Small business credit access grew in 2018 and with modifications to the Small Business Administration (SBA) rules for more streamlined processing, access is predicted to grow. However, untapped opportunities for growth remain for startups and minority owned businesses as suggested in SBA research. What are the funding options for these groups that the SBA is offering and how can your organization better serve them as well?
This issue was discussed at the NAGGL 2019, National Association of Government Guaranteed Lenders, conference where hundreds of SBA lenders gathered to learn about policy changes, SBA online application submission solutions, how to create successful sales reps, and other trends in the industry impacting SBA lenders. SBA programs give businesses access to credit such as 7(a) loans for any purpose, microloans and 504 Certified Development Company (CDC) Loans for fixed-rate mortgage and equipment financing. Other programs are available to businesses to find investors, conduct R&D or to secure bonding. The programs and NAGGL event attract mostly community banks and credit unions across the US because the SBA is known for connecting businesses with their local providers. FICO attended and exhibited at the event to connect with lenders on FICO® Small Business Scoring ServiceSM (SBSSSM), a score used by the SBA to assess risk of businesses and determine funding eligibility.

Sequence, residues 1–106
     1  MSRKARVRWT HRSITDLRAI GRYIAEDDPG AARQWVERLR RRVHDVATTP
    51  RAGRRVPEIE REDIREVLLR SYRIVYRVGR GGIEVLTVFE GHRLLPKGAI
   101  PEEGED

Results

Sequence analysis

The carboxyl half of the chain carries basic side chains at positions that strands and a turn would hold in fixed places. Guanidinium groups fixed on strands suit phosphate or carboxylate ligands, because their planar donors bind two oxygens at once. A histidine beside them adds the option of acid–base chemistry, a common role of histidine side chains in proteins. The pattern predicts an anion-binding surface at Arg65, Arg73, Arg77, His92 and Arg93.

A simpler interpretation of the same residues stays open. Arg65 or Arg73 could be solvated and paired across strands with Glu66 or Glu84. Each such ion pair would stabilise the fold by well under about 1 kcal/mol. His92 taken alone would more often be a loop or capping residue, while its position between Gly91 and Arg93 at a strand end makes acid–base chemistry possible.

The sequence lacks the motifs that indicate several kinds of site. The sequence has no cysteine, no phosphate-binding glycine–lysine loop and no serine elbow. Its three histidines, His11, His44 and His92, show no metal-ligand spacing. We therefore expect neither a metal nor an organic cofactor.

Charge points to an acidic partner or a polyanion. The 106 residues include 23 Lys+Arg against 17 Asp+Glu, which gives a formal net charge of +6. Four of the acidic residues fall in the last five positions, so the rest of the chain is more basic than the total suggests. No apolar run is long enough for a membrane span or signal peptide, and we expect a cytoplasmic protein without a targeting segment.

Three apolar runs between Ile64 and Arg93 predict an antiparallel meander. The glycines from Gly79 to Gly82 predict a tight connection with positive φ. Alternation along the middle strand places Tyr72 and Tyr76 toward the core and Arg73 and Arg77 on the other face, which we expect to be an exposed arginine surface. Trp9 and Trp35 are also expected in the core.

Linda McMahon, Administrator of the SBA, gave the opening keynote where she shared SBA updates and the economic success that these Government Guaranteed Lenders have contributed to. Small business lending was strong in 2018 and pro small business growth policies have been conducive to that growth. However, there is even more opportunity that small businesses are not realizing. Specifically, the underserved businesses such as startups, those run by minorities and veterans, and businesses in rural areas which is now a focus area of growth for the SBA according to McMahon.
To change this, the SBA is improving technology solutions to better match businesses with lenders, see quicker turnaround times, and achieve higher approval rates. They created new educational resources about programs they offer for use by lenders and borrowers to understand and share all program details, requirements and terms.
FICO similarly works to help community banks and credit unions understand how they can increase loans given to those underserved businesses and do so profitably. As I spoke to these lenders, they recognize that something needs to change with the traditional underwriting processes at their organization, but they have many hurdles such as getting leadership on board with decision automation, cost of technology and cost of compliance.
FICO believes it’s important for lenders to understand small business scoring and how it’s different than consumer credit scoring such as a FICO® Score. Business owners often apply for personal loans to get credit for their business so personal data is used to make the decision. This becomes a problem because personal data alone isn’t predictive of business success. Information on the business credit information, and success of similar business portfolios isn’t factored into the funding decision when it must be. Having a scoring model that is built on historical business portfolio data will give business owners more chances at funding because the applications are more fairly and consistently assessed. Even with limited or no business and personal credit history.